The following entry is written by New York Times best selling author and NDVH Celebrity Board member Leslie Morgan Steiner.
Steiner is the author of Crazy Love, a memoir about domestic violence, and the anthology Mommy Wars. She writes a weekly column for Mommy Track’d. To share your story as part of the Crazy Love Project, visit the author’s website at www.lesliemorgansteiner.com.
The Los Angeles County district attorney’s proceedings against musician Chris Brown for his alleged Grammy-eve assault of Robyn R. Fenty, more commonly known as the pop singer Rihanna, ended surprisingly gently last Monday given the five-month media frenzy that has surrounded the couple. Brown pled guilty and was sentenced to five years of probation and 1,400 hours of community service (cnn.com). Rihanna’s silence, however, has baffled and frustrated fans, prosecutors, and advocates within the domestic violence community. The horrific post-assault photo of the 21-year-old’s cut and bruised face, supposedly leaked by the Los Angeles police department, showed bruises across the singer’s face and head. Police statements describe Brown biting Rihanna and repeatedly threatening to kill her (cnn.com).
But Rihanna never called the police. She did not request a restraining order. She did not file a complaint. She did not testify against the man who assaulted her. She has never spoken publicly about the assault.
I understand why Rihanna has been so quiet.
I was sure I loved the man who abused me for four years, a brilliant, troubled Wall Street trader I met on the New York subway a few months after I graduated from Harvard (YouTube.com). The assault that ended our marriage took place nearly 20 years ago, but I too stayed silent because I wanted to protect my abuser, even after I knew he was capable of killing me. I was in shock, terrified, and broken physically and psychologically. Like Rihanna, I wanted the whole ugly mess to be invisible.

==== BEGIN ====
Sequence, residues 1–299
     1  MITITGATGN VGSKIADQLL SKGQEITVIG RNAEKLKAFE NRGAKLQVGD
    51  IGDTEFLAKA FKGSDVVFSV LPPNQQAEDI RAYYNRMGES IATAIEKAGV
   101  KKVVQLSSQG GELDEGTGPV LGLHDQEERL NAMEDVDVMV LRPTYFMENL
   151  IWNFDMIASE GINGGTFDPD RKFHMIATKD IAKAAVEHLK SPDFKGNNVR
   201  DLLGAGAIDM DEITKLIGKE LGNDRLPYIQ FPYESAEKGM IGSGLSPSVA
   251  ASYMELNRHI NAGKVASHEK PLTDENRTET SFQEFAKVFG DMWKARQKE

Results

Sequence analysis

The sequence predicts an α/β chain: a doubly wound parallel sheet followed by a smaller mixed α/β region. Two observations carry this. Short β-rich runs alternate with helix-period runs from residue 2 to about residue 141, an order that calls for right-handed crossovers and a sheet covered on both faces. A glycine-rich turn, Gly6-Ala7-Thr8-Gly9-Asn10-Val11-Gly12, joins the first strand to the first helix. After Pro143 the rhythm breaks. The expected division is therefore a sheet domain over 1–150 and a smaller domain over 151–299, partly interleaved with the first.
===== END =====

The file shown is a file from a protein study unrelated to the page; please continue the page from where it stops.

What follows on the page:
We hear a lot about domestic violence’s grim statistics, as we should. According to The Family Violence Prevention Fund, three women are murdered in this country every day by intimate partners, and over five million women are assaulted each year. More than 50% of people who abuse their partners also abuse their children. In the months since Rihanna and Brown dominated the headlines, in my community alone there have been four murders, including two children killed by their father and a 19-year-old girl murdered by her boyfriend. As a society, we need these numbers as evidence of the terrible cost we pay for tolerating domestic violence in our country and around the world.
What we need even more: to abandon our misguided expectations that it’s up to domestic victims to prosecute their abusers and to speak out publicly about the trauma they’ve suffered.
It is obviously unrealistic to expect batterers to make incriminating confessions. It is equally impractical to require Rihanna or any other battered women, immediately following a vicious assault, to prosecute a lover or family member. It’s bizarre that our society and criminal justice system expect women to do so. Family violence incidents must be investigated and prosecuted by local police and district attorneys – not victims. In order to break the cycle of violence, victims need this kind of aggressive intervention to free us to find our own happy endings.
Like most victims, there was no way I was strong enough to stand up for myself against the person who had seduced, manipulated, and terrorized me for years. The police left without cataloguing my injuries or pressing charges against my husband. Having survived the most brutal attack of my life at the hands of a man I loved, I did not have the ability to absorb what had happened, much less document the evidence and press charges myself. I barely had the courage to file a restraining order; filing charges against my ex-husband was beyond comprehension. Even though he deserved it. Even though I craved protection and justice.
Three years after I left my abusive husband, then-Senator Joseph Biden successfully championed the landmark Violence Against Women Act through Congress. Nearly $2 billion has been allocated since then to raise awareness of the problems and costs of intimate partner violence, rape and sexual abuse against women; to fund physical, legal and emotional support to victims; and to train police and judicial officers who prosecute offenders. VAWA is up for renewal in 2010, championed by Senator Patrick Leahy of Vermont and a plethora of bipartisan supporters and advocates.
I wish police had treated my apartment as a crime scene the last night I was beaten by my ex-husband, documenting the abuse and pressing charges. Advocates needed to do for me what I could not do for myself. The pursuit of justice would have benefitted me – immediately — and our society over time by taking domestic violence seriously.
And if police had taken a photo, I’d still have it today — as a harsh warning of the dangers of abusive love.
Right in front of that photo, I’d place one of me now – smiling, surrounded by my second husband and three young children, without bruises or scars to hide. Another kind of evidence – that victims can survive domestic violence and go on to rebuild our lives. All we need is a little help.